PETALING JAYA: The obituary has already been written and published for many newspapers. Two Malaysian newspapers that have stopped rolling off the presses are the English daily New Sabah Times and business daily The Edge Financial Daily.

Those that still make it to the news-stands every morning are seeing their circulation dropping by the day as traditional readers pass on while many younger readers prefer social media for their news consumption.

The Covid-19 pandemic has only made things worse. Advertising revenue, the bread and butter of every newspaper, has hit
rock bottom.

However, media experts say, it is still premature to write off newspapers for good. For instance, it has been pointed out, the circulation of newspapers took a dent when television was first introduced in the late 1920s.

Yet, the medium survived. But today, it faces a bigger threat – online media. Even so, many believe print will survive the latest onslaught but to do that, it has to evolve into a new form.

For a start, the government can help newspapers survive by offering tax incentives and short-term loans, the Centre for Independent Journalism said.

Better still, its executive director Wathshlah G. Naidu told theSun, the government could even help newspapers stay afloat by buying advertising space.

However, she said, these measures should remain as short-term lest people start questioning the independence and credibility of such publications.

“Worse still, they may end up as tools for the government to exert greater control over the media, subjecting newspapers to censorship and using them to promote propaganda.”

In the long term, and to ensure media freedom continues to be respected and upheld, she said other ways to make newspapers financially independent must be found.

A proposal by the Malaysian Newspaper Publishers Association that should be considered is to get multinational technology companies such as Google and Facebook to share advertising revenue generated through content from local media outlets.

In December last year, the Australian Parliament tabled the world’s first legislation to that end.

Another media expert who is not writing off the print media is Adlene Aris, a lecturer at the Faculty of Applied Communications at Multimedia University in Cyberjaya.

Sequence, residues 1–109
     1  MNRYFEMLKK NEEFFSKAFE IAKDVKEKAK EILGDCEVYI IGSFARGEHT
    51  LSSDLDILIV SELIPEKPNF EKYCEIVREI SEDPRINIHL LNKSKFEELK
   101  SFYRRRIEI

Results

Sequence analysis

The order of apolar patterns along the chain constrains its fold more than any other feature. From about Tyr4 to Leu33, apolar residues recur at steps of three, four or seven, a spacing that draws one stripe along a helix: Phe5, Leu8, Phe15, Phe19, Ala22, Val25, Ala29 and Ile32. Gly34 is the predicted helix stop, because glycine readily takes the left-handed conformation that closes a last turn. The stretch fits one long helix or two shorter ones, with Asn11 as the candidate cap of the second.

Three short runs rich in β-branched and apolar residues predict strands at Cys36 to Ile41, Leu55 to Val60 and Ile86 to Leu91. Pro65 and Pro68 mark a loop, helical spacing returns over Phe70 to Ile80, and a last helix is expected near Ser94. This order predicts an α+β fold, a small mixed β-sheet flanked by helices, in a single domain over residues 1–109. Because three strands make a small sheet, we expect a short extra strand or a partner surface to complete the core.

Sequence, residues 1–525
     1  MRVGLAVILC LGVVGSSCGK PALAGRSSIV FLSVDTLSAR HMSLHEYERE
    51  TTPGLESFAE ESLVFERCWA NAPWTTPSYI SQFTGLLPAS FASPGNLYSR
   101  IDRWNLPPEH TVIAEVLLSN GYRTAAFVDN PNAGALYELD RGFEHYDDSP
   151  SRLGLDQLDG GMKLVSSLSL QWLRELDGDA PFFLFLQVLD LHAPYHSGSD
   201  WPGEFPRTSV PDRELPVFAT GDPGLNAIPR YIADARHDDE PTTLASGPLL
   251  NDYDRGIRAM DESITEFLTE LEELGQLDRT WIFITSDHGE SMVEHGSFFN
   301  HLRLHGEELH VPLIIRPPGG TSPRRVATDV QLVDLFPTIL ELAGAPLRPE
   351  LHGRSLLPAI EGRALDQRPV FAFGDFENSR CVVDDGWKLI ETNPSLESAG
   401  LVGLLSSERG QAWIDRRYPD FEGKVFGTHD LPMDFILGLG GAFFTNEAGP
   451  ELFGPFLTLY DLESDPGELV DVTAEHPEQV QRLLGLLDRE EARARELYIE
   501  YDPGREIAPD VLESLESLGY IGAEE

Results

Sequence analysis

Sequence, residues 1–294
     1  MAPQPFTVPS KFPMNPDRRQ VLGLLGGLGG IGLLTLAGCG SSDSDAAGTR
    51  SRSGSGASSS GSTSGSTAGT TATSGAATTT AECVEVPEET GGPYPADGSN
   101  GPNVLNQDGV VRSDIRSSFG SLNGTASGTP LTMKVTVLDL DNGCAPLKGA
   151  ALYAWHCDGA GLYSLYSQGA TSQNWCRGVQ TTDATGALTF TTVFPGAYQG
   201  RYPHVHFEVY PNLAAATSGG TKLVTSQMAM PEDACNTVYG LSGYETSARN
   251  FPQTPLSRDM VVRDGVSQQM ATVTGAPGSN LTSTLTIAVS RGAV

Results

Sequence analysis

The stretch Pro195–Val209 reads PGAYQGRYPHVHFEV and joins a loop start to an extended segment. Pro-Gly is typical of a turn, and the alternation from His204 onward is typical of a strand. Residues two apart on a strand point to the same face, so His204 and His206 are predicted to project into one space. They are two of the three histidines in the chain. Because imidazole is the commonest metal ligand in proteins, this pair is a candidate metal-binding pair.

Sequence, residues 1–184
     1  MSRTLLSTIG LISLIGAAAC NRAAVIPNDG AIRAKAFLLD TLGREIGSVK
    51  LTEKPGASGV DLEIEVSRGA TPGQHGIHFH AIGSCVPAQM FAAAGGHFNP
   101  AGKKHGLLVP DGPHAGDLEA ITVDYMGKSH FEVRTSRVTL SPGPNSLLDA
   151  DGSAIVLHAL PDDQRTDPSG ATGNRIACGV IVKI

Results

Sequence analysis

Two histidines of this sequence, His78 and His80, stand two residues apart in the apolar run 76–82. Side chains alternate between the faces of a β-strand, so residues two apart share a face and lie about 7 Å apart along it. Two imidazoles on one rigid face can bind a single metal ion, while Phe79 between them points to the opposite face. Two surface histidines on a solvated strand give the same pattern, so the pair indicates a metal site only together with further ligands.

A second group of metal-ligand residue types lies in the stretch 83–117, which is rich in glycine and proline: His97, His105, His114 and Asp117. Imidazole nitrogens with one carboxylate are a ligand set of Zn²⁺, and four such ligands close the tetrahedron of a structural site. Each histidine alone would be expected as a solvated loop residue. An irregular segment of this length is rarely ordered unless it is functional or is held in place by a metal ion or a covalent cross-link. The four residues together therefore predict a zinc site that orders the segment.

She pointed out that while millennials and Gen Z prefer to get breaking news through social media platforms like Twitter and Facebook, many turn to main news portals and newspapers for confirmation.

“In a way, the print media is still relevant because it is deemed more credible (than social media),” Adlene said, adding that the disadvantage faced by social media is the fact that irresponsible and media illiterate cyber citizens often misuse it for parodies of credible news sources.

One example, she said, is the fake Twitter account attributed to Bernama, which was mistaken for the national news agency’s official account. Adlene added while it is good to also have news portals, they are open to abuse by irresponsible parties.

Unlike traditional newspapers, content on social media come with news and feedback from readers. “This is good in the sense that readers’ views about an article are not shaped solely by the journalist who wrote the story.”

She blamed the political crisis in the past year for the decline in newspaper readership. “Most people look for alternative news sources to get what they think are fair, just and realistic reports,” she said. “This is justifiable.”

Regardless, Adlene pointed out, the print media has taken the challenge head on by reshaping their content to keep up with readers’ demands and popular trends. “For instance, broadsheet newspapers have given way to the more manageable tabloid size newspapers.”

Most newspapers now also have an online presence, and to raise revenue, readers are charged through a pay wall.

To the diehard newspaper reader, rest assured that your copy of tomorrow’s issue will be at your doorstep.